API functionality should also be explored. As previously mentioned, a standard business may use differing ERP, payroll, expense and archiving functions from different providers. While this works to the current standards of periodic reporting, there is a far more pressing need to un-silo this data with a move to real-time or smaller time-frame reporting and invoicing. Taxation software hosted in the cloud needs to be installed which can connect into these different systems, ensuring that they can communicate, the data can be shared, and accurate archives and reports filed without any inaccuracies. Security must also be of paramount importance with any aspect of finance, with encryption, two-factor authentication and other safeguards a must for any technology being brought onboard.
Finance for now and the future
The cloud brings numerous benefits to finance at this current point in time, but certainly is an important and somewhat daunting undertaking for many organisations. So, if director-level buy-in is proving tough, there must be a consideration for the future too to discuss.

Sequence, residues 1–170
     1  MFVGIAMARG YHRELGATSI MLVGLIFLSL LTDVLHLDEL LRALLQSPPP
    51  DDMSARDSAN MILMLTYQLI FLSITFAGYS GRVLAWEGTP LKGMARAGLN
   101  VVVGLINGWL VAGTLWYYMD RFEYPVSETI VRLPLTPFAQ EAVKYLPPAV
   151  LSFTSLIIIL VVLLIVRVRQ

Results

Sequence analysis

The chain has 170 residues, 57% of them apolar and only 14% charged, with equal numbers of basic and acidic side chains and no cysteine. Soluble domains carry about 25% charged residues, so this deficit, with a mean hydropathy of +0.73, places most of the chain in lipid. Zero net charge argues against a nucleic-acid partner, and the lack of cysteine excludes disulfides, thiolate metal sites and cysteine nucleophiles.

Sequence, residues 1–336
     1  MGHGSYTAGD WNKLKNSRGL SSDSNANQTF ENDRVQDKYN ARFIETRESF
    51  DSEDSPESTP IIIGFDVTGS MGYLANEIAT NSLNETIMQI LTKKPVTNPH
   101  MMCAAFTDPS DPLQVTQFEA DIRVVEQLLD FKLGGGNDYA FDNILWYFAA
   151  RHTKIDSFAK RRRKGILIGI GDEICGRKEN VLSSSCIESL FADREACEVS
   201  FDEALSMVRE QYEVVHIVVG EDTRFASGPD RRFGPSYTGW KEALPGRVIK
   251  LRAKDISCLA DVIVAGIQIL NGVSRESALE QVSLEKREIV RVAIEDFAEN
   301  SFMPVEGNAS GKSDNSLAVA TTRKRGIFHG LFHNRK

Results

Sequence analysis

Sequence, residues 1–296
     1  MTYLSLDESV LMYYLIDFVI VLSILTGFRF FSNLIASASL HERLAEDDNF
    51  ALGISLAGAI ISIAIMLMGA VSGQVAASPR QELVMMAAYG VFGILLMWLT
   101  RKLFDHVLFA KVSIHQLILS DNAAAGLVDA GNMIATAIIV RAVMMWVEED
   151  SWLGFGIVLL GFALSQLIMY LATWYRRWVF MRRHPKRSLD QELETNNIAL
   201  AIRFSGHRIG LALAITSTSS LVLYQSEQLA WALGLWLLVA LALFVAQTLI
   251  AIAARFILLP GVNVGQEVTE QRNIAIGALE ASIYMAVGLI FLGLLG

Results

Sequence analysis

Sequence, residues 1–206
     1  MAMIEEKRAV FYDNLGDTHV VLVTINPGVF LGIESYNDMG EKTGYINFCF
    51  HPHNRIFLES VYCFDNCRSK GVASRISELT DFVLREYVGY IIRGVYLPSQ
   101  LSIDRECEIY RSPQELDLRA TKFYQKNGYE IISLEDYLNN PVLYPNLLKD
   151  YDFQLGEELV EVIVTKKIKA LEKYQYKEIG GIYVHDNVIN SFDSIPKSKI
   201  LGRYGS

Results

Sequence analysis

The move to digital, real-time reporting on transactions is not going anywhere anytime soon. The pace of change is only speeding up, and with it, the time periods for remaining compliant with tax offices ever shortening. It may well be that a business can operate in its current setup successfully at this moment in time, but those in IT and finance departments need to be future proofing their organisations too.
Advanced, expert cloud and SaaS technology represents the only logical way to do just this, ensuring businesses can continue to operate globally in the easiest and most cost-effective way possible, as well as preparing themselves for legislation which is continuing to barrel towards an entirely digitised, real-time future.
Oscar Caicedo, VP, Strategy & Operations VAT, Sovos